So if I seemed a little like a piranha, that's why. Troll is certainly not a term that I would normally apply to you.

Take Care,
Steve

P.S. I'm *really* tired and I'm just going to submit this without proofreading and take a nap. Apologies for any typos.

Reply Score: 2

RE[5]: Balkanization
by apoclypse on Sun 10th Feb 2008 20:25 UTC in reply to "RE[4]: Balkanization"
apoclypse Member since:
2007-02-17



No, I'm familiar with, in fact I'm quite interested in it (yes, you probably would never have gathered from my post), but RH cannot contemplate moving from hairy old sysvinit until Upstart has really proven itself. That will take time.



Here you betray your familiarity with the project once again. Upstart was made to have a compatibility layer with sysv init. In-fact Ubuntu hasn't moved almost any of its packages to use any of upstarts functionality in earnest. If you read the Fedora post on upstrt you will see that even they are planning to stick with the sysv compat layer until they fully test and migrate packages to use upstart as it should be used.

Now Upstart has been in Ubuntu for quite some time and they have yet to migrate from the sysv compat layer, nor does it seem that there are any plans too (eventhough they said it would happen by Hardy). The upside of all of this is that with RedHat behind the project maybe we will finally see packges updated to use the system in earnest instead of beating around the bush.

Yes you can sya that popularity doesn't directly translate into number of users, but you do admit that they are a very vocal community. We have yet to see almost any complaints about upstart and its been in Ubuntu for at least 3 version again using the compat scripts. Now the number on the forums would indicate that at least some users are using the distro and that they would have complained, file bugs, posted something about how upstart suck and we should go back to the old method.

Reply Score: 2

RE[3]: Balkanization
by unoengborg on Sun 10th Feb 2008 15:54 UTC in reply to "RE[2]: Balkanization"
unoengborg Member since:
2005-07-06

You really think RHEL, and by implication CentOS, users care about boot times?


Why wouldn't RHEL users care about boot times? Long boot times are even more annoying or even costly if you have perhaps hundred or so users waiting for the server to come up.

Then there is the feature of automagically restart services that unexpectedly died. That alone would be reason enough for these users to switch.

Also note that Solaris uses a similar system as upstart in its latest incarnations, so I find it very likely that RHEL/CentOS will use upstart once it has proven itself in Fedora for a while.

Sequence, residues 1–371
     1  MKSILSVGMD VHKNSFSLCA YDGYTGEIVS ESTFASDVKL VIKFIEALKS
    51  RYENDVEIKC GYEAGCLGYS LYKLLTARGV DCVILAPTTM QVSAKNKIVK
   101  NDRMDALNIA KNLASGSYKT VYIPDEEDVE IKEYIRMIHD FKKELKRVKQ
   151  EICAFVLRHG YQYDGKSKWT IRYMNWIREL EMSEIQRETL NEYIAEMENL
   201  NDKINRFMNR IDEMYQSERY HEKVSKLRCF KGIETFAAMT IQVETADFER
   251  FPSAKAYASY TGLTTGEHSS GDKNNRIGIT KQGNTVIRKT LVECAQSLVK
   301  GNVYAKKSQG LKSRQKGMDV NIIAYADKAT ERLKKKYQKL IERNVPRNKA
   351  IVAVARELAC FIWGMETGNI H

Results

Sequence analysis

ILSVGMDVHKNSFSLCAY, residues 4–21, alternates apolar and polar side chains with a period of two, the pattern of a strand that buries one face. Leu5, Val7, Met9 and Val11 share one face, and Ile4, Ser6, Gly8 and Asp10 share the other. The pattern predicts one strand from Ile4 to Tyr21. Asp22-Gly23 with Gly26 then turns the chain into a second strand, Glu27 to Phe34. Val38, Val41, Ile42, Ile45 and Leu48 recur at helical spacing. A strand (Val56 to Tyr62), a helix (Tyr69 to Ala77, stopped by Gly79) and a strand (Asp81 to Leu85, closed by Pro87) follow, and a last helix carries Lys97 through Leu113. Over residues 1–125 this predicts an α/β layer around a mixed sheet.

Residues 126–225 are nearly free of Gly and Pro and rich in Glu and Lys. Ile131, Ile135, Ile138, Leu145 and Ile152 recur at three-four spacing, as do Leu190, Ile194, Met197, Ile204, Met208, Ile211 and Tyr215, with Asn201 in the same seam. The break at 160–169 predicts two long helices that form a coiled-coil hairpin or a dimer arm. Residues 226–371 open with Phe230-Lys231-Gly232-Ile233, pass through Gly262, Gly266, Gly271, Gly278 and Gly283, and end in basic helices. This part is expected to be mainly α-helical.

Reply Score: 2

RE: Balkanization
by sorpigal on Mon 11th Feb 2008 22:48 UTC in reply to "Balkanization"
sorpigal Member since:
2005-11-02


Because of some minor deficiencies in the SysVinit system which has been a very successful point of standardization for many *nix-type OSes for many years, and the need to be seen to be doing something New and Exciting, several Linux distributions and other OSes have hared off on designing their own shiny new init systems instead of working together on a proper extension to / replacement of SysVinit, and now there's a hopeless Balkanized mess of incompatible, non-standard, competing implementations.


While your point is good, and one I've made about X11 many times, in the case of Upstart your derision is misplaced.

We are presently in the experimentation phase. Everyone agrees that sysvinit needs to be improved upon, but no one is sure of the best approach. What you have, then, is multiple people trying different things. Sooner or later the most useful ones will start winning and crowd out the less useful.

This is not a case like a text editor or even a desktop environment where swapping around is trivial or merely time consuming. You simply wont get lasting fragmentation in this area. I forsee at most two new init systems which will last alongside sysvinit and bsd-style init which--face it--are not going away this decade.

I like the approach taken with Upstart and see for it a potentially bright future, but only time will tell. I know it has some issues, mostly for me with regards to being sure of which process will start in what sequence (this can matter a lot, especially when diagnosing problems). The primary advantage upstart has today is that some distributions actually ship it by default which is more than can be said for most init replacements. That it was also thoughtfully designed bodes well.

We'll know in about five years which init system has won.

Reply Score: 1

v NIH
by John.Gustafsson on Sun 10th Feb 2008 02:59 UTC
RE: NIH
by ba1l on Sun 10th Feb 2008 03:28 UTC in reply to "NIH"
ba1l Member since:
2007-09-08

Er... how? There was no viable alternative at the time.

Reply Score: 2

RE[2]: NIH
by sbergman27 on Sun 10th Feb 2008 03:56 UTC in reply to "RE: NIH"